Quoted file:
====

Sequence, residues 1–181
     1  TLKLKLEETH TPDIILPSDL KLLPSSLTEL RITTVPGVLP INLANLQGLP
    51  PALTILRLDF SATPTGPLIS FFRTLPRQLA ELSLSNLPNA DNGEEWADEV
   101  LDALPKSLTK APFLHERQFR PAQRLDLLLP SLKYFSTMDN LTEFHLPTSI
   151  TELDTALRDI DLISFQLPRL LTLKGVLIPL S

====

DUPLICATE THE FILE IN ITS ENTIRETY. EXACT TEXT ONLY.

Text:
Sequence, residues 1–181
     1  TLKLKLEETH TPDIILPSDL KLLPSSLTEL RITTVPGVLP INLANLQGLP
    51  PALTILRLDF SATPTGPLIS FFRTLPRQLA ELSLSNLPNA DNGEEWADEV
   101  LDALPKSLTK APFLHERQFR PAQRLDLLLP SLKYFSTMDN LTEFHLPTSI
   151  TELDTALRDI DLISFQLPRL LTLKGVLIPL S